Honest History sends copy of Alternative Guide to Australian War Memorial to every member of Memorial Council

Which word should we use to describe what happened on 25 April 1915: ‘landing’ or ‘invasion’? Why do we refer to dead soldiers as ‘the fallen’? Does the ‘freedom’ we are said to have fought for in our many wars include the freedom to have awkward views about how we should commemorate these wars? What is the difference between ‘military history’ and ‘war history’? Who wins and who loses when we sanitise and sentimentalise the stories of our wars?

Honest History’s Alternative Guide to the Australian War Memorial addresses these and other questions. It is intended particularly for senior students and their teachers but also for members of the general public. The Guide was posted on the Honest History website on Anzac Day and has since been downloaded 1055 times. Honest History has received positive feedback on the Guide.

Honest History wished to bring the Guide to the attention of members of the Memorial’s Council and, to that end, has sent a hard copy of the Guide to each member of the Council. Honest History has also offered to make a presentation on the Guide to a meeting of the Council.

ShowImageIt could have been different: one of many proposed designs for a War Memorial in the competition held in 1927 (National Archives of Australia)

For 75 years, the Australian War Memorial in Canberra has been the leading proponent of an official version of war commemoration. Some observers have even described the Memorial as the cathedral of the ‘secular religion’ of Anzac. Certainly, spokespersons for the Memorial often sound like bishops, intoning liturgies about sacrifice and patriotism and unwilling to engage in debate.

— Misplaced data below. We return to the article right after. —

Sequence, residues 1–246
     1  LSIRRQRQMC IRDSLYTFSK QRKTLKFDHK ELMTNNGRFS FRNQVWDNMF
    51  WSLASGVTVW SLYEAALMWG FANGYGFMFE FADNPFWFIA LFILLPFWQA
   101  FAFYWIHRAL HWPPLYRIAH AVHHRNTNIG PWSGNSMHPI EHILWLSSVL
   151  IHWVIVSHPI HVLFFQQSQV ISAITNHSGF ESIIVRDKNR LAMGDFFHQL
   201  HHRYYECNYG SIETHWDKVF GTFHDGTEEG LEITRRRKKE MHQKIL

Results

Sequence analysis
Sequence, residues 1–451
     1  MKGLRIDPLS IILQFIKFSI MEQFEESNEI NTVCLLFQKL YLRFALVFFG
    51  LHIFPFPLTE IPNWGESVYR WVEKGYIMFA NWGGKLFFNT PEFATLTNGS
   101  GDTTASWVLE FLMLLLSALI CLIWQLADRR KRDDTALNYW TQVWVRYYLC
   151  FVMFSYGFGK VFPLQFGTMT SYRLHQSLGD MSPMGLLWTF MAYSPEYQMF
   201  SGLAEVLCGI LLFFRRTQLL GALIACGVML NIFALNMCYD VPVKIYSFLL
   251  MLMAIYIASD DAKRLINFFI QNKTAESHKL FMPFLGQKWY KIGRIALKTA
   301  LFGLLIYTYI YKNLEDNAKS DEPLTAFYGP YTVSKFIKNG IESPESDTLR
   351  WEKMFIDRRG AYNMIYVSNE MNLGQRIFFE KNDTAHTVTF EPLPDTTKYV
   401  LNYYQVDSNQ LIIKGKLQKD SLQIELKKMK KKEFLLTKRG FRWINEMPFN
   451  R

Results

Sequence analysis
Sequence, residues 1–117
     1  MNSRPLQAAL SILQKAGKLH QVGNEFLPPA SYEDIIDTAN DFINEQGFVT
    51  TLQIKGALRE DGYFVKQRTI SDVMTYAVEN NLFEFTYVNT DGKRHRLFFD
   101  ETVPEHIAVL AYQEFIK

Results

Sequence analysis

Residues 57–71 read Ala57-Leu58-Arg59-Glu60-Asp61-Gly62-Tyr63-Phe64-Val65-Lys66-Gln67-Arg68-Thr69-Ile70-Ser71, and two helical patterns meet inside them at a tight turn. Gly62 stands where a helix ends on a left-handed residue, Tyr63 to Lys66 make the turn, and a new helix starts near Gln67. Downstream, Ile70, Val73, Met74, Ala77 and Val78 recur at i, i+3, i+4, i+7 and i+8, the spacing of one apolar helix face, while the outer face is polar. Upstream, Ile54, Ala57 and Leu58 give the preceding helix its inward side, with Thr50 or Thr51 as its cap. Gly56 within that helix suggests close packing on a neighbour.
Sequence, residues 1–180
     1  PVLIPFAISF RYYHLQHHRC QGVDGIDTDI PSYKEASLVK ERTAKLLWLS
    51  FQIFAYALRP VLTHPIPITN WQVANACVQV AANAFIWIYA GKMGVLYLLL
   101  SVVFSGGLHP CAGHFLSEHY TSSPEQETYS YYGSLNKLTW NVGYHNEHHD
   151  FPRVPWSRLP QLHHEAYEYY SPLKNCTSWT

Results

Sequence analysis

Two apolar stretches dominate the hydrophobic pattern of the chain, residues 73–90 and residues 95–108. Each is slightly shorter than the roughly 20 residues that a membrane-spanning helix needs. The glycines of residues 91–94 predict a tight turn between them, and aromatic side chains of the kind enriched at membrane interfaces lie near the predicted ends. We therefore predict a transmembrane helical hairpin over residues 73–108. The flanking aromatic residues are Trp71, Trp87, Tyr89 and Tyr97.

There has always been an alternative view, one that sees Australia’s wars as being about what happens at home, what happens afterwards, and what happens in the rest of the world, as well as what happens to Australian soldiers on battlefields. The Memorial tends to steer away from these subjects, to the detriment particularly of school students who visit the Memorial in their tens of thousands every year and who deserve to hear and see a balanced and honest depiction of what wars have done to Australia and Australians.

The Guide recognises the Memorial’s aims – and comments occasionally on how well these aims have been met – but it is primarily intended to encourage critical thinking and questioning. Honest History vigorously advocates the ‘contestability’ of history. Contestability is a key concept in the Australian Curriculum: History for Years 7-10 and is at the core of the historiography issues tackled in senior years.

What are you supposed to feel when visiting the Memorial [the Guide asks], when looking at an object or a diorama or an exhibit? Do you feel you are being manipulated? Is an object or display offering you historical evidence or just giving you a warm and fuzzy feeling or making you feel sad or making you feel proud to be an Australian? Should the Memorial make you think as well as make you feel?

The seven sections of the Guide take visitors through the Memorial, asking questions and raising issues. The Guide concludes with some difficult questions about the use of language, about whether people can die in vain in wars, and whether sometimes it is better to forget.

Honest History welcomes feedback from users of the Guide and will be looking to produce revised editions. Meanwhile, it looks forward to an invitation from the Memorial’s Council to address the next meeting of the Council in July.

24 May 2016

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